Mailroom: 430 Burrowes Building
Fall 2021 Office HoursM, 1:15 - 2:15 PM T, 2:00 - 3:00 PM W, 3:30 - 4:30 PM
I am interested in "spooky literature," considered broadly. This includes Gothic literature (18th and 19th century British, transatlantic & cross-genre articulations, as well as 20th century & contemporary), ghost stories, weird fiction, horror literature, and folklore. I'm working on two long-term projects that may or may not be related: (1) to discern what makes Gothic literature Gothic - in other words, what is it about Gothic literature that can bridge literary traditions as diverse as the early British Gothic in the strain of The Castle of Otranto and 21st century traditions exemplified in publications like Midwestern Gothic; and (2) I am working on a theoretical articulation of the "spooky" in terms of form, affect, and effect in horror literature, as distinct from the registers of fear, terror, the eerie, etc.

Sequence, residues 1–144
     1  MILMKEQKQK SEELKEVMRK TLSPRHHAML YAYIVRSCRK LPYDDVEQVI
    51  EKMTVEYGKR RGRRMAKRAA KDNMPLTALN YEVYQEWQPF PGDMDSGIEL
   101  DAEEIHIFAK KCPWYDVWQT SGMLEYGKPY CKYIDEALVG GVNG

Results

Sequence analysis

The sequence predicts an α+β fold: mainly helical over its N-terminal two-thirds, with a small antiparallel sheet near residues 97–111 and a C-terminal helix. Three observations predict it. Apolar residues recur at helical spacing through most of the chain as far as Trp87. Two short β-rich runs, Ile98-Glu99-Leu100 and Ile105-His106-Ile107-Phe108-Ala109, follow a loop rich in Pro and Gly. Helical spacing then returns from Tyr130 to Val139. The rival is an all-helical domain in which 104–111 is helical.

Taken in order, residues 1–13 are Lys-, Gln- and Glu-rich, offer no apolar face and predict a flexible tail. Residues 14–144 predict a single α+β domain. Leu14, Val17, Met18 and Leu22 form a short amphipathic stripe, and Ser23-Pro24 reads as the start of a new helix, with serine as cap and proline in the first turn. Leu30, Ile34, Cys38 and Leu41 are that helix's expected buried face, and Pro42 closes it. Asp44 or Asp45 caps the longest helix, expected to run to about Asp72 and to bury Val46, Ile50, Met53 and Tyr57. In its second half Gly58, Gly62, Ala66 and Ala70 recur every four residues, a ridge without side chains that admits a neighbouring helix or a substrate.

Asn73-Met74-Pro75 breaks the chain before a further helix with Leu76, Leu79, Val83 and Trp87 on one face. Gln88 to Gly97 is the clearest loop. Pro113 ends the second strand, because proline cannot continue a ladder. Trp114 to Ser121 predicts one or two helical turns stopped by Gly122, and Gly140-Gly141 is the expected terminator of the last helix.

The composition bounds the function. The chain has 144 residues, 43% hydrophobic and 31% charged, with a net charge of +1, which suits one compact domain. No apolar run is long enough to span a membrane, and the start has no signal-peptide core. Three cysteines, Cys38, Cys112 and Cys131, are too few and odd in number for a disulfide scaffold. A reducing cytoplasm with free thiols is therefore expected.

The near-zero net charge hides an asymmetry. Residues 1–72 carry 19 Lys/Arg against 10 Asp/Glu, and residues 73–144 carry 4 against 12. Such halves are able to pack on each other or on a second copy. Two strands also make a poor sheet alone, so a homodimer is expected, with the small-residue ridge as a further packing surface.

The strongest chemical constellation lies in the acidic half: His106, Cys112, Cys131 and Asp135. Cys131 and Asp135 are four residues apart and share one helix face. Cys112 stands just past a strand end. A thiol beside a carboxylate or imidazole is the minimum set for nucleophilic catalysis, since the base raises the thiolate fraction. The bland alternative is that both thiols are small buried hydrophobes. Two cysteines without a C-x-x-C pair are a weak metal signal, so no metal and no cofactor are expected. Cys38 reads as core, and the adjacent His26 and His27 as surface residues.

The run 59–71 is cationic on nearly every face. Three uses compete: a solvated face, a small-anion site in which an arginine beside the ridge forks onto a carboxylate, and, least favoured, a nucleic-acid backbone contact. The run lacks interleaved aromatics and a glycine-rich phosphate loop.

The former questions form the basis of my dissertation, while the latter project was recently published in the Journal for the Fantastic in the Arts as "Dancing in the Ruins: Toward an Affect-Narratology of the Spooky."
I also run an informal reading group called The Spooky Society. Sometimes I post meeting notes, Spooky Things I find interesting, reviews, or generic musings on our website (www.spookyscarysociety.com).
I believe that university life requires that people with diverse viewpoints and perspectives encounter each other in an environment where they feel free to speak up and challenge each other. I am concerned that many academic fields and universities currently lack sufficient viewpoint diversity. I support viewpoint diversity, mutual understanding, and constructive disagreement in my academic field, my institution, my department, and my classroom.